I've added more words to the LTC III design spec doc based on the
discussion we had in the rocket room a few weeks back.  Changes have
been committed to the launch-tower repo:

Stakeholders and other interested parties, please give it a quick read
and provide feedback.  As soon as the Goals and Requirements are
nailed down, we can get to work on the Design.

HTML copy attached for your convenience.

Title: PSAS Launch Tower Computer III Design Specification

FIXME: Feel free to make any additions or corrections.


The existing launch tower computer (LTC), the second major design since the group’s founding, is due for an overhaul. It’s only been two years since LTC II was put into service, but there have been rapid advances in available off-the-shelf technology, and our understanding of what we need (and don’t want) in an LTC has continued to evolve.

This document should be considered the source of authority for all questions related to the design and implementation of the LTC III. If the design of the LTC doesn’t conform to this document, either fix the LTC, or update the document.



The single-board computer that comprises the core of the LTC.

Launch Tower Computer (LTC)

The entire system, including the enclosure, the single-board computer, the peripherals, etc.

LTC II Review

The Good

  • Safety interlocks!

  • Solar charging.

  • LiPo ignition battery.

The Bad

  • Phidgets. Expensive (relatively), fiddly, and require their own interface board. Their software stack is thick and troublesome to install.

  • The shore power DC-DC converter integrated with the power board was sorely inadequate.

  • Lead-acid car batteries (LTC II’s main power source) are bulky and heavy.

  • The door covering the side bulkhead (power and arm switches) can’t be closed when the shorting bar is in place. The bar has to be stored elsewhere when the LTC not in use.

  • The PowerPole connectors on the bottom bulkhead are too deeply recessed, located too close together, and poorly labeled.


  • Simplify! LTC II has too many circuit boards, too many wires, too many everything. It’s difficult to service most of LTC II’s components without major disassembly. Peripherals (sensors, relays, etc.) should be contained on a single custom PCB.

  • Make it smaller. Reduce the size of the boards, batteries, and potentially even the enclosure.

  • Replace LTC II’s plastic enclosure with a metal enclosure, for durability and RFI protection.

  • Improve the enclosure-to-tower mounting apparatus; make it fast and easy to mount (and dismount) the enclosure to the tower (DIN rail mounting (or something similar).

  • Strive for field-replaceable units (FRU) whenever possible. FRUs can be swapped out with basic tools, in a minimum amount of time.

  • Make it user-friendly (i.e., fool-proof). Any member of PSAS should be able to achieve a high-level understanding of the LTC in a short amount of time. Any member should be able to operate, and if necessary service, the LTC given suitable documentation.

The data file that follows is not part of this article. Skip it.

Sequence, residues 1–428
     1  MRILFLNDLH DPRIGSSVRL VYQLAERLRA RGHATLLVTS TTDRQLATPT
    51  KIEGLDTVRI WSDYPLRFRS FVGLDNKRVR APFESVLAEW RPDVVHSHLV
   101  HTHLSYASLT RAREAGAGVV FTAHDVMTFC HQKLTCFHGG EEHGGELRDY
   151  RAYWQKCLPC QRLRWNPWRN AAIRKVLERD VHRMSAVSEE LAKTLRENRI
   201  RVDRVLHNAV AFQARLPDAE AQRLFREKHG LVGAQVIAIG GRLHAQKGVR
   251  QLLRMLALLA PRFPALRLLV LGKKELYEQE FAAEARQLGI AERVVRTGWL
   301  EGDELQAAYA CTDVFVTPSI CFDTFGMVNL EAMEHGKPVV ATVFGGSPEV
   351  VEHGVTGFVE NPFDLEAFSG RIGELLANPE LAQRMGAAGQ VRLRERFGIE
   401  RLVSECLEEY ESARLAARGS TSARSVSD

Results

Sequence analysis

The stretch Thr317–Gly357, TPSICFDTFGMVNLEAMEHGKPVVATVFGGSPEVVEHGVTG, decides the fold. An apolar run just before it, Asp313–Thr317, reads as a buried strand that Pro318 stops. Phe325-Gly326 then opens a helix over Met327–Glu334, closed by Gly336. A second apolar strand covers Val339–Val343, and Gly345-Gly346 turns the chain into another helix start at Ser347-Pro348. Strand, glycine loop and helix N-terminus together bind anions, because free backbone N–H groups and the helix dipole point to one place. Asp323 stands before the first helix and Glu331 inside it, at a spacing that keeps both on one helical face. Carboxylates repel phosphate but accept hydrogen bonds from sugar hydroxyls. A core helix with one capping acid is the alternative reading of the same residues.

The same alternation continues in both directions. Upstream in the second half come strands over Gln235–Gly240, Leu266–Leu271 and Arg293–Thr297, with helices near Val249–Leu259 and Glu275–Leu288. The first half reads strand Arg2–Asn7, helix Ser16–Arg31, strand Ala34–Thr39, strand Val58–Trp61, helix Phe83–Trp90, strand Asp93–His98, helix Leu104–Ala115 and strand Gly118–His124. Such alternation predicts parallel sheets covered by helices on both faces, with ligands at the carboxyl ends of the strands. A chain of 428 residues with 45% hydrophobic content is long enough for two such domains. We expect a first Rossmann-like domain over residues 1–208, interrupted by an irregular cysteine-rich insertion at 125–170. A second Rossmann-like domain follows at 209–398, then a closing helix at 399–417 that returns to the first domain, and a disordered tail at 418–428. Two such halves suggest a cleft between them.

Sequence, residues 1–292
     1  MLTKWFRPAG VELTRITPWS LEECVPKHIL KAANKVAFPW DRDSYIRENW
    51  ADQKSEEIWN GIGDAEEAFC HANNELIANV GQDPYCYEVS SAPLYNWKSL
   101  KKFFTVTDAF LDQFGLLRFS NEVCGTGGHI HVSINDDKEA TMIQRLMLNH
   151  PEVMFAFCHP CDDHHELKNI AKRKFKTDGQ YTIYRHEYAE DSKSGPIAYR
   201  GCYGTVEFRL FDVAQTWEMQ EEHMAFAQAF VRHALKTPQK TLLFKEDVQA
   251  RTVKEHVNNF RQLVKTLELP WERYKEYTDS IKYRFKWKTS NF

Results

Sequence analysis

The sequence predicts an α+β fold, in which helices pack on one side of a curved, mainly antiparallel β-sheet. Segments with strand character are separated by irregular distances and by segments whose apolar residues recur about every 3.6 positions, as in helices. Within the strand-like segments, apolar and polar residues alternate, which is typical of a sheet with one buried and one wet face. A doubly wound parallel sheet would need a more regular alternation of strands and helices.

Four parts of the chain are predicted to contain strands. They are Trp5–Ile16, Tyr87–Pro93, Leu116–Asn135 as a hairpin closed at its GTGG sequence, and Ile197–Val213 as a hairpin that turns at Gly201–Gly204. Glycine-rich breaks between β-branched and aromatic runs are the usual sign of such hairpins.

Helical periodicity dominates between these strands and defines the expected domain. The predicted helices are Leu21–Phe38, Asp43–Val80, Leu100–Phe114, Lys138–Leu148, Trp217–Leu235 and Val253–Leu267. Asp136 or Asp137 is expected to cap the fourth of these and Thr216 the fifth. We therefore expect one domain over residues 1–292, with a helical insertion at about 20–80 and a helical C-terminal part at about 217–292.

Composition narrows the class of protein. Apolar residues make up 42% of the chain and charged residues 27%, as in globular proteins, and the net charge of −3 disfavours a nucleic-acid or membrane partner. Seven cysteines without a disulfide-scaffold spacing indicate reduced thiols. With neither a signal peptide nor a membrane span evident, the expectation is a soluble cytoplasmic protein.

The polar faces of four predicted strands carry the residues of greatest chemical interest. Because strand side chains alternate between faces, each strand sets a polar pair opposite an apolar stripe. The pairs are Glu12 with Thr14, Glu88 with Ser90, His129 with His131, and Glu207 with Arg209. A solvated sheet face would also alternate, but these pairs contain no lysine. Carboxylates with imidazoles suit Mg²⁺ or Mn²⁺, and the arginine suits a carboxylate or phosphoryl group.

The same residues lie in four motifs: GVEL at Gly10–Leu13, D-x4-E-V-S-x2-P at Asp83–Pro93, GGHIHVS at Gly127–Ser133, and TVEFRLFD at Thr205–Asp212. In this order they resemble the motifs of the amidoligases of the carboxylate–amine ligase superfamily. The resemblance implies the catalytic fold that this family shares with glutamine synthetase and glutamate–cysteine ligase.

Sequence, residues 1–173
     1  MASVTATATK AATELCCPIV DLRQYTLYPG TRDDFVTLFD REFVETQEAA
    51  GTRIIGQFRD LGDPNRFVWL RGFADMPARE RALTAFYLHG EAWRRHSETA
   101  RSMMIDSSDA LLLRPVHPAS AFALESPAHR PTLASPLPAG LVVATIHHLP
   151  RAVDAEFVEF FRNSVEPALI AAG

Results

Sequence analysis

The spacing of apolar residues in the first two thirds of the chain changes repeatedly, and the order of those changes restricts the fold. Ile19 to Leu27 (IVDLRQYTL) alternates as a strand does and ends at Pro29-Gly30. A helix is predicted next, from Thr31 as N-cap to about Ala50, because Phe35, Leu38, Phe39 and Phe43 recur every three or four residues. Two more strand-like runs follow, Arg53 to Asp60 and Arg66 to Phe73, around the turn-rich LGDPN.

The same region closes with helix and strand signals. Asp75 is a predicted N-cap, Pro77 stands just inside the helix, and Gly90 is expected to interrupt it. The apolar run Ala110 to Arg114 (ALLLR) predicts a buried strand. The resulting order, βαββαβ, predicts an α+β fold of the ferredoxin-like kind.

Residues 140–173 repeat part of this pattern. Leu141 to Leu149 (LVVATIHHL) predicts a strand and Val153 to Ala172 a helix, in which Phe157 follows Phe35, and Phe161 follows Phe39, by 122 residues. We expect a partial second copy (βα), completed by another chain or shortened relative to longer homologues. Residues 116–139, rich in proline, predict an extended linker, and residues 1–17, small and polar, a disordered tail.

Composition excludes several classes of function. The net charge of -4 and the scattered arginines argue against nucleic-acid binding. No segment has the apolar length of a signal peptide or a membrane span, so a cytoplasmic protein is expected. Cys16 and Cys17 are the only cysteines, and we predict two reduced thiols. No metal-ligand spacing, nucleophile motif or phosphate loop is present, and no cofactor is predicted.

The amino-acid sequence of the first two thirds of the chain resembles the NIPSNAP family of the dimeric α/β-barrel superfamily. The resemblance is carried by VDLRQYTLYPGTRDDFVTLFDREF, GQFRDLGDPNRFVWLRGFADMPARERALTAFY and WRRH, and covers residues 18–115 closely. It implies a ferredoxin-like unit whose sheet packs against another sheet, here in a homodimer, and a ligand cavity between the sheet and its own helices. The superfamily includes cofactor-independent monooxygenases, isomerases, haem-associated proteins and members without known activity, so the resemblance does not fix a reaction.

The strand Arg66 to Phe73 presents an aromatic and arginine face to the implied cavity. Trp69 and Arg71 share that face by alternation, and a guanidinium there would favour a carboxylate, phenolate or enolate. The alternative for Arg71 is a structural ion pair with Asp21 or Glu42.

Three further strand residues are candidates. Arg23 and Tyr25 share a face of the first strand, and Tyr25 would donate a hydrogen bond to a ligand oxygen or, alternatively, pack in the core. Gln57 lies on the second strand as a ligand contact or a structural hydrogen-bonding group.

• Conduct a thermal analysis. Do we need an active cooling system to deal with the heat of a desert launch site?


Power Sources

All the ways the LTC can get the juice it needs.

  • 12 VDC rail from main batteries.

  • 12 VDC rail from photovoltaic panels.

Power Supplies

The power rails the LTC provides to its various peripherals.

  • 5 VDC rail to power to computer, etc.

  • 12 VDC rail to ignition battery charger.

  • 24 VDC rail to shore power.

  • Several external expansion power connectors; switchable by the computer.


  • WiFi connection to Launch Control.

  • Ethernet connection to the rocket; debug; expansion.


  • Voltage sensors for each power rail.

  • Temperature sensor for enclosure interior.

User Interface

  • Stand-alone voltmeters on the front panel, for each power rail. (Stand-alone meters have no dependency on the computer being booted.)

  • Front panel LEDs indicating the status of each relay, and the rocket-ready status.

  • Main power switch

  • Ignition arming switch.

  • Ignition shorting bar.

  • Ignition fuse.

  • Label all the things! Components, connectors, switches, oh my!

External Connections

  • Rocket umbilical. Connection state should be detectable by the computer.

  • Away box

  • WiFi coax

  • Distinct, keyed connectors for each external connection. There should be no way to accidentally connect a data cable to a power outlet; or to reverse the polarity of a connector.

  • Several Ethernet connectors that provide external access to the LTC’s internal subnet, for debug and expansion purposes.

  • Several expansion trigger switches, for computer control of cameras, etc. Switches short two external inputs together. Nate proposes 1/8" phono connectors for these.

  • Expansion Ethernet and power connectors can be paired up for use with passive PoE injectors, providing single-cable power and network support for off-board devices (e.g., weather station).


TODO: More words, please.

  • BeagleBone Black SBC

  • BBB flipped upside down and mated to peripheral board via pin headers. A kilt, rather than a cape!

Power Sources

Power Supplies

Ignition Subsystem


  • Internal Ethernet switch.


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